The Three Principal Development Activities
Analysis: Concerns the problem domain and the problems
that exist within it
Specification: Concerns the interaction between the
problem domain and the solution space
Design: Concerns the internal workings of the solution
Investigating and describing the problem domain
Develop requirements through an iterative co-operative
process of analysing the problem
Documenting the resulting observations in a variety of
Checking the accuracy of the understanding gained
The Problem Domain
The part of the universe within which the problems
Example lift: The problem domain will include any
existing hardware (lifts, motors, sensors, etc.), the building characteristics
(number of floors, etc.), the anticipated pattern of usage, the characteristics
of the users and so on.
The effects that the client
wishes to be brought about in the problem domain
An Introduction to Requirements
Engineering by Ian K. Bray, Addison Wesley, 2002
IEEE 1984: A condition or capability that must be met
by the system to solve a problem or achieve an objective
Distinction Between Requirements and Facts About The Problem Domain
Requirement: A lift will only reverse direction when
stopped at a floor.
Characteristic of the problem domain: When a lift is
within 20 cm vertically (above or below) of the sensors nominal position, the
sensor sends a hi signal; otherwise a low signal.
Ordinary requirements are often called functional or
Example: The lift doors are to be cycled every time
that a lift stops at a floor.
Design constraints are the true non-functional requirements.
They affect (constrain) how the system is built, not what it does.
Design constraints include:
Target machine(s) upon which the solution system must
Underlying architecture (distributed or local)
Memory size within which it must operate
Any front-end graphical user interface (GUI) packages
that must be employed
Operating system(s) under which it must operate
Design Constraints (Cont.)
Programming language(s) that must be used
Other software packages, such as database management
systems (DBMS) that must be incorporated
Development standards that must be applied
Design approaches that must be employed
Algorithms that must be incorporated
Difficulties in Requirements Engineering
The customer may not be able to express what he
or she wants so that you are able to understand it
Finding the right people to ask
Getting access to the right people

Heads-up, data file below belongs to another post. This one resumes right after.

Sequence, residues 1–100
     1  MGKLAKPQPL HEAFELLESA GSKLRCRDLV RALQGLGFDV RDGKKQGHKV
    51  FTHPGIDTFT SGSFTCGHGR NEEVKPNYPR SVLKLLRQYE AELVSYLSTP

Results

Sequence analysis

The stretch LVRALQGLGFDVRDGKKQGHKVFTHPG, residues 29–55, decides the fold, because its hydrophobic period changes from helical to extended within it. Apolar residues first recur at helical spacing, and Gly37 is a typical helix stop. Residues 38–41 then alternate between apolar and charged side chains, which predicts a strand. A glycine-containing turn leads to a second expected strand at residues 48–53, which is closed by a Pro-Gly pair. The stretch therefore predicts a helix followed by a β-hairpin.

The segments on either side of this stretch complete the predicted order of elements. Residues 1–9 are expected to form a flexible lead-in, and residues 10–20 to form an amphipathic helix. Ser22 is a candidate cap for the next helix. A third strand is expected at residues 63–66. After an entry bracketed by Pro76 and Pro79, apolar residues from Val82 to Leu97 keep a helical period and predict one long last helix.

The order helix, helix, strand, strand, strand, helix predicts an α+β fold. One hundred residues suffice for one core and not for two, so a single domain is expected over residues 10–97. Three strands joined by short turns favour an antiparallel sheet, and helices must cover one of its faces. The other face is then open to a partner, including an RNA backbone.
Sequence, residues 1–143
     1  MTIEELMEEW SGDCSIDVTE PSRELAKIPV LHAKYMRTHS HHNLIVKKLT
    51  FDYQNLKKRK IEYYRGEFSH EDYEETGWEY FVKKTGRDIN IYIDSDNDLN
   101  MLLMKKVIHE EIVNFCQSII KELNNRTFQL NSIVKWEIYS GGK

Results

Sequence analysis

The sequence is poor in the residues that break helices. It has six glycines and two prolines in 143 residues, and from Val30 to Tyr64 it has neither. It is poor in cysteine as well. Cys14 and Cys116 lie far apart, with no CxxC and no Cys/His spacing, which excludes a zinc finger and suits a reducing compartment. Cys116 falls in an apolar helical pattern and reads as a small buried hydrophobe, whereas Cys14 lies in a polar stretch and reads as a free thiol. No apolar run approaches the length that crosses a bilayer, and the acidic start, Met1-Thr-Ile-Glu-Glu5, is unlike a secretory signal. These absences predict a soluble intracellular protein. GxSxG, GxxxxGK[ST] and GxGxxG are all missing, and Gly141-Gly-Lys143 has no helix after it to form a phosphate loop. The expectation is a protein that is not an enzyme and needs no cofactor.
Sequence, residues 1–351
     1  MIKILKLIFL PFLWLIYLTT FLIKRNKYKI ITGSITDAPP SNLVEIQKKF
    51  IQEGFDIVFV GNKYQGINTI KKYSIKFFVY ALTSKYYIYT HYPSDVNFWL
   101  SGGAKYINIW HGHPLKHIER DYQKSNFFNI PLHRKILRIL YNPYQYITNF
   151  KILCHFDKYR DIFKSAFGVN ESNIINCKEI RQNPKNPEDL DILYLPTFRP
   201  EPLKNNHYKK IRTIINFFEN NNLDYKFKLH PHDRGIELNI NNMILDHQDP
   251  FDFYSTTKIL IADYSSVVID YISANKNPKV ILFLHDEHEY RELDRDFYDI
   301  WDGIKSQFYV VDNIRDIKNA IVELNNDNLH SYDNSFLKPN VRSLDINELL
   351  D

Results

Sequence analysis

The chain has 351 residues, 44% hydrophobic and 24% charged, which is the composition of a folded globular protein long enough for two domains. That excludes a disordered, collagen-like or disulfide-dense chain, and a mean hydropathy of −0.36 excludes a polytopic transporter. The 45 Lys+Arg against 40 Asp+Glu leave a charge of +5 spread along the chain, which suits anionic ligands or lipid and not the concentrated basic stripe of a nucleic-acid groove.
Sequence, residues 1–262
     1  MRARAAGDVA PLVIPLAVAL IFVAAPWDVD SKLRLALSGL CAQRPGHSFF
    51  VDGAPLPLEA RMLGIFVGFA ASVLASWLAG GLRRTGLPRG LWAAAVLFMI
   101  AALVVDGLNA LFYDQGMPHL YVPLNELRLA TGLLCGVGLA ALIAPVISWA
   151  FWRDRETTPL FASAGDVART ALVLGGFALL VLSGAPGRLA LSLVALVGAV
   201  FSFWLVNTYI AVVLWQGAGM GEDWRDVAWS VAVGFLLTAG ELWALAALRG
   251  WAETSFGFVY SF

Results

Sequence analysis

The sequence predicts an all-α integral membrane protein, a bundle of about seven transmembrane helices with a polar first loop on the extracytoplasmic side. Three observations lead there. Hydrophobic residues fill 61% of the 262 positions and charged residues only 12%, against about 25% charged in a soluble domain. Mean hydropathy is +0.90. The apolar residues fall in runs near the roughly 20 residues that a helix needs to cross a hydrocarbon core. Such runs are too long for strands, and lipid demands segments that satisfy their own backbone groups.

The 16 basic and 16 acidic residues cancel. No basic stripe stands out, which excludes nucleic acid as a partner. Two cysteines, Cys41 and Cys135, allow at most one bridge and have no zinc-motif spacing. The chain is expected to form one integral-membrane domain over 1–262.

Handling large amounts of requirements
requirements so that both you, the customer, your developers, and your testers
can understand and use them
Requirements Engineering Phases
Analysis & Negotiation
Elicitation concerns the gathering of information. The three
main considerations are:
What information should be gathered?
From what sources can it be gleaned?
By what mechanisms or techniques may it be gathered?
Requirements Elicitation Techniques
Analysis of written documents
What is the scope of the system?
What should you do?
What should you not do?
What should you not do? Why?
What is too costly to do?
there any conflicts?
What the proposed system shall do
At what quality level
A documented common view
An agreement between developers and customer
Sign a contract based on the requirements
Involve client in the process
Reasons for the
Primary driver of
System Testing Process
Control the evolution of the system
Contents of Requirements Specification
Terms, Abbreviations & Definitions
Assumptions and Dependencies
Different Types of Requirements
What the system shall do
Checks should be carried out on the requirements. These checks
Validity checks: Further analysis including different
Consistency checks: No contradictory constraints of the
same system function
Realism checks: Could the requirements be implemented?
Consider also budget and schedule.
Verifiability: It should be possible to write a set of
tests that can demonstrate that the delivered system meets each specified
Requirement reviews: The requirements are analysed by a
team of reviewers looking for
Common Quality Requirements
Suitability, Accuracy, Interoperability, Security,
Maturity, Fault Tolerance, Recoverability,
Understandability, Learnability, Operability,
Attractiveness, Usability Compliance
Common Quality Requirements
ISO/IEC 9126 (Cont.)
Time Behaviour, Resource Utilisation, Efficiency
Analysability, Changeability, Stability, Testability,
Adaptability, Installability, Co-Existence,
Replaceability, Portability Compliance
Functional Requirements and
Functional Requirements are easier to test
Can, in general, spend less time on these
Quality Requirements must be better specified
to be testable
How should the requirement be measured?
What is the desired value?
What is the worst case value?
written judicial document defining the terms for business related agreements
in sunshine, used in storm
version of the requirements specification
contract defines what you shall do
contract also defines what you can expect from the customer
You sign the contract knowing that you can deliver what
is specified, under the specified conditions